There are 24 ways to specify the initial Verilog coding for this simple FSM. I tried 3 of these (the initial 0123 coding above, and two new codings of 1302 and 3210), and all three produced a period estimate of 1.103ns, using one-hot coding. However, the fourth (2013) produced an estimate of 1.042ns. Coding 2013 turned up another surprise: XST's auto mode did not use a one-hot encoding, but instead took 2013 as a user-defined coding, and produced a binary FSM with two additional registers for the SCK and BUSY outputs. The technology diagram showed 4 flip-flops and 4 LUTs.
Given this, I repeated synthesis of both sources for all 7 explicit extraction styles provided by XST, together with 'none' (6). The Verilog source was restored to an initial coding of 0123 (as in the source code above). The table below gives XST's estimated minimum period, together with XST's assigned coding when it produced a 2-bit FSM (in the 'Binary' column) and a 4-bit one-hot FSM, for all extraction styles:
|Coding||Period, ns||Binary||One-hot||Period, ns||Binary||One-hot|
All the extraction styles which have an entry in the 'Binary' column produced a 2-bit state register, together with two additional bits for the SCK and BUSY outputs, giving a total of 4 flip-flops. The two styles which produced one-hot FSMs, and the 'None' style, produced 6 flip-flops.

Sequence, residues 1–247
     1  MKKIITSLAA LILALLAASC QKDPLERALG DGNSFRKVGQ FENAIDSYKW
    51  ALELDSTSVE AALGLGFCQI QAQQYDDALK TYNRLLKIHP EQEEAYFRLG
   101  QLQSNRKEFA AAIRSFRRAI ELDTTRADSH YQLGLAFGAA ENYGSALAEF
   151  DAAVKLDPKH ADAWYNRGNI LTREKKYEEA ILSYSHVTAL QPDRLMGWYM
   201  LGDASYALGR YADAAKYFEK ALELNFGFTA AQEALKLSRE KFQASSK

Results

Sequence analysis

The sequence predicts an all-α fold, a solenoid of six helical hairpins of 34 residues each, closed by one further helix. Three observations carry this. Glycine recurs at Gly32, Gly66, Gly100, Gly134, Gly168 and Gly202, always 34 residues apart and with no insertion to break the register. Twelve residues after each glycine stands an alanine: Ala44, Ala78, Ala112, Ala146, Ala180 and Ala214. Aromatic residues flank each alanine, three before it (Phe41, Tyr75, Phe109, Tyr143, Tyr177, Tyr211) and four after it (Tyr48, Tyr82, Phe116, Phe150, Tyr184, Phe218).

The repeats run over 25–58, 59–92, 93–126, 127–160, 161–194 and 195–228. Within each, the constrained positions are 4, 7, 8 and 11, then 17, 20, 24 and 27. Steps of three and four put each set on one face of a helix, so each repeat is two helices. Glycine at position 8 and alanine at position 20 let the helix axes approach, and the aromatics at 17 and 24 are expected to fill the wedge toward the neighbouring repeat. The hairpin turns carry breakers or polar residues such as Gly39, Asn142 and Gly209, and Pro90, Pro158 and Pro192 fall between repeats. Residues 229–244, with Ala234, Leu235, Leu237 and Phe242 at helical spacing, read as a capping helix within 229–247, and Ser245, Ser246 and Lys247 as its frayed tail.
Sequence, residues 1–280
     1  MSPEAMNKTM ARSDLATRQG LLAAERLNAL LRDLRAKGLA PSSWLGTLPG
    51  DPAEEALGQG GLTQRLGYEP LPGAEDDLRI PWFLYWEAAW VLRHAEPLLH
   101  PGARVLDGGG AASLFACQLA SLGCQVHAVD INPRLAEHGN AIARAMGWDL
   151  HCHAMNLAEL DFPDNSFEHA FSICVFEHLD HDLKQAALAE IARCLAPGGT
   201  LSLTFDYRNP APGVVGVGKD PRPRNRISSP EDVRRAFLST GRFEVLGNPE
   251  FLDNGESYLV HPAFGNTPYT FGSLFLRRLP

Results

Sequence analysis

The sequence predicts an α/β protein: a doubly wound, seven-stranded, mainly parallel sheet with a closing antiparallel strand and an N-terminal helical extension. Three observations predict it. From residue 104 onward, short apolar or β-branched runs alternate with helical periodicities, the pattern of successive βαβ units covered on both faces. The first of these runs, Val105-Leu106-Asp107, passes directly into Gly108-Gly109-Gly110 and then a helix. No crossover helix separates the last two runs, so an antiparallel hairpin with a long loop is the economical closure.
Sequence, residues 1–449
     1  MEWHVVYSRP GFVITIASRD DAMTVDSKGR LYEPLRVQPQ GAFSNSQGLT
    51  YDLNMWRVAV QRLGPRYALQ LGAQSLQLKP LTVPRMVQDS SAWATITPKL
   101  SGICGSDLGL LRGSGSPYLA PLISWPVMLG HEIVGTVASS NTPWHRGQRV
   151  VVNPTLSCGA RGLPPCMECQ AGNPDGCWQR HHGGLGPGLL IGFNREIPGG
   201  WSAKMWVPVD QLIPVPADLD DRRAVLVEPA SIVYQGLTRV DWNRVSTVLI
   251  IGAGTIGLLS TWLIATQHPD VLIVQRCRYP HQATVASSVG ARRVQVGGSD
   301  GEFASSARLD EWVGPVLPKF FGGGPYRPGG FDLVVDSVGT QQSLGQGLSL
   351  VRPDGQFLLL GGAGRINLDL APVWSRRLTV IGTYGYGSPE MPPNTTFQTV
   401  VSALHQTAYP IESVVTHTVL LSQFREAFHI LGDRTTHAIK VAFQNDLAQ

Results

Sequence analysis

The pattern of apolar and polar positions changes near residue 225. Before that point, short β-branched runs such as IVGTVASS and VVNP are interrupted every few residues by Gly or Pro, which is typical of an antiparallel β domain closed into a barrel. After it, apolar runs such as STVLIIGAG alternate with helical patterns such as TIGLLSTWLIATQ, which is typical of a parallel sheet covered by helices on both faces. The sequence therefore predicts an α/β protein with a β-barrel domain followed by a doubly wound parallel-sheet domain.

One clear conclusion is that auto extraction may not produce the best results. Additionally, for at least some of the possible settings of the Verilog state parameters, the one-hot Verilog FSMs are faster than the corresponding VHDL one-hot FSM. The one-hot FSMs were only compared for 3 of the possible 24 settings of the Verilog parameters; it is possible (or even likely) that one of the other settings would produce a result which is equivalent to the VHDL result.
Finally, it is also clear that none of the synthesis results were as efficient as the Style #1 and Style #2 results (2 flip-flops and 2 LUTs, at 0.926ns). Since the required functionality is identical, it does seem likely that some modification of the Verilog and VHDL code could produce better results. However, it's not obvious what these modifications would be. Simply breaking the clocked process down into two clocked processes (Style #4) has no effect on the synthesis results.